“The idea of this contract hasn’t come from nowhere we have been talking about it and thinking about it for at least two years. We are floating the idea now because the new government has said it is dedicated to doing something about working hours and the EC is now saying that the present EWTD legislation is unsustainable. The consultation document for the review says that it is legally and morally indefensible to continue with the 48-hour week in the acute hospital sector. There is a chink of light, an opportunity, we are all now moving in the right direction.”

Dr Richard Marks, head of policy at the pressure group Remedy, said: “I agree that there have been major problems with the EWTD and training, and that the surgeons and other craft specialties have been most badly hit by this.

“But I’m not sure how easy it is would be to distinguish between ‘training’ and ‘hours worked’ at a contractual level. Working and training are very closely intertwined, and it isn’t easy to see where one ends and the other begins. I would be worried that this would be very open to abuse and endless dispute, both by employers and employees, unless the terminology could be defined very tightly.”

A BMA spokesman said the junior doctors committee had discussed a contract based on training but they were reluctant to negotiate a new contract in the current economic climate because there was unlikely to be any extra money on the table.

Bookmark and Share

4 Responses to “Surgeons call for new training-based contract”

  1. chrissa says:

    At least the article does mention what this is all about: the trusts would get 500 million pounds worth of overtime free of charge. there is nothing the medical establishment will not do in order to get more work out doctors for free – the current contract, that gets at least some degree of payment for work, must cause physical pain to some. bless.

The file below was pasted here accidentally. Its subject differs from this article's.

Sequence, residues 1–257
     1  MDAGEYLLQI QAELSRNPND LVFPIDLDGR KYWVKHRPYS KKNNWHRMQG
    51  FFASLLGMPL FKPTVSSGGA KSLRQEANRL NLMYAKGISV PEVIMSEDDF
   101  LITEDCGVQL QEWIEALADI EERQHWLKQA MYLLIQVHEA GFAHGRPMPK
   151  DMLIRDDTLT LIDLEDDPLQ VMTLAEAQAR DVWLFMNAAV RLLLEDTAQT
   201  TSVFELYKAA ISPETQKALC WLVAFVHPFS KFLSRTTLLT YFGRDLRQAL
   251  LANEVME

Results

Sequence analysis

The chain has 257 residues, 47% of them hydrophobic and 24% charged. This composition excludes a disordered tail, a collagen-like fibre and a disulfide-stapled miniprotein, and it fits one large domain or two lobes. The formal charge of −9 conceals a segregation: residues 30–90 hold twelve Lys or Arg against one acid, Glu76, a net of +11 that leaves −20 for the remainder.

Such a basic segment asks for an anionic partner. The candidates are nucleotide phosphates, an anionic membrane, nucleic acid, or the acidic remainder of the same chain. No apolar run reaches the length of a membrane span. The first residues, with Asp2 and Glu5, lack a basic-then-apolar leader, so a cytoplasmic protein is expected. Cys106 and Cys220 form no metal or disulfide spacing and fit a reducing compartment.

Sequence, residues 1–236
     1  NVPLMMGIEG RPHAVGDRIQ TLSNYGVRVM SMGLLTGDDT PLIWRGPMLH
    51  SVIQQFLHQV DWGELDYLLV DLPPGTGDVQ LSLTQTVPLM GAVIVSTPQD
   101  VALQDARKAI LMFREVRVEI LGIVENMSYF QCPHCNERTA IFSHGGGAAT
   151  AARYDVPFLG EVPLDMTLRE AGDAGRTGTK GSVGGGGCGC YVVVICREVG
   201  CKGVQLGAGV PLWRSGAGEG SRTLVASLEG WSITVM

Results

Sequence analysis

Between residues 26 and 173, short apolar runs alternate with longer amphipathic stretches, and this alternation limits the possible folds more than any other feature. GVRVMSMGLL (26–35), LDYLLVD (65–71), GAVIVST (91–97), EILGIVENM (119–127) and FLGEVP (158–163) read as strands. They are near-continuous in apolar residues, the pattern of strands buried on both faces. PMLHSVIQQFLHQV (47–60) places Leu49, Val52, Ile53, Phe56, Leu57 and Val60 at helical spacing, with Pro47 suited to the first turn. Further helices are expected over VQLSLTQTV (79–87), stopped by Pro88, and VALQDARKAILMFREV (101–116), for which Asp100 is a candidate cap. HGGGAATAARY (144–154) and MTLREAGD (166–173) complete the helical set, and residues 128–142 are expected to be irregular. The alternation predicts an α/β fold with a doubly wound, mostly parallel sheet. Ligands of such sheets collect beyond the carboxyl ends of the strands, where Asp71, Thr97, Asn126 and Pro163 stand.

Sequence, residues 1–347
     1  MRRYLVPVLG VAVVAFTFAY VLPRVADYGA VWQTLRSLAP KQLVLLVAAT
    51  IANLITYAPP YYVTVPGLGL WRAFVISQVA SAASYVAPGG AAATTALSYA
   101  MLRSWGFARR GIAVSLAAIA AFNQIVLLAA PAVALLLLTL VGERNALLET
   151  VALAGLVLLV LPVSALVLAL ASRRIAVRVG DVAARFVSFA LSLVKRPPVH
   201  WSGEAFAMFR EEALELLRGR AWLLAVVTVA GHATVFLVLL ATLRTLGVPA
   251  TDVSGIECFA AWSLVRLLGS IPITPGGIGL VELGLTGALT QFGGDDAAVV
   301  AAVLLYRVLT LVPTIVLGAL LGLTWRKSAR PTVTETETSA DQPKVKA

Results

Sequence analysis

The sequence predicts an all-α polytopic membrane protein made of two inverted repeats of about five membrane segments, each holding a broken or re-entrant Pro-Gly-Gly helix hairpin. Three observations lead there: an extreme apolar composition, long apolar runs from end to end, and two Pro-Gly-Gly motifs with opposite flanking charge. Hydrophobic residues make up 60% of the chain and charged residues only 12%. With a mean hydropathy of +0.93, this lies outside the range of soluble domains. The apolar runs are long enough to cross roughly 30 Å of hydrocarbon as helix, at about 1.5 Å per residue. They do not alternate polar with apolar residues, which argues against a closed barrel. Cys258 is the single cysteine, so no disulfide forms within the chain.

2. Ram says:

    The proposals on the surface are interesting and superficially appear to ally the fears of trainees regarding their training. Unfortunately history has taught us that trainees will always work above and beyond their contract, especially surgical trainees and this has been shown by repeated surveys by trainee organisations.
    Trainees are already expected to attend a minimum number of operating lists, as per specialty curricula but these limits are often ignored due to service commitments and there is little to suggest that this will change with a new contract.
    The main difficulty in returning to an old “firm” based system is the interpretation of the EWTR due to SiMAP and Jaeger. There is no mention in the proposals on how the suggested new contract will overcome these difficulties or meet the rest requirements in the EWTR.
    A change is needed but this must be properly developed and detailed analysis undertaken to ensure that trainees do not suffer.

  3. Annoyed says:

    Chrissa: The Royal college of surgeons have put this proposal forward not employers. If the RCS are to be believed it has nothing to do with saving money but rather all to do with the amount and quality of training that junior doctors will get although you can be damn certain that there is no way the RCS or the BMA would accept any contract that did the poor junior doctors out of money.

  4. joshek says:

    In the old days, the road to consultant was windy and opaque – but there was no harm in trying because if it did not work out, unlike today, you were not screwed. You just quit hospitals, did your GP year and that was that. Done. no hoop jumping, no exams, no waffle… hard to believe but that’s how it was.

    There were not only long hours to the old system – there were a lot of good things as well. The RCS does not propose to bring back any of the good stuff – only the long hours.

Post a Comment

Enter this security code

Submit Comment for Moderation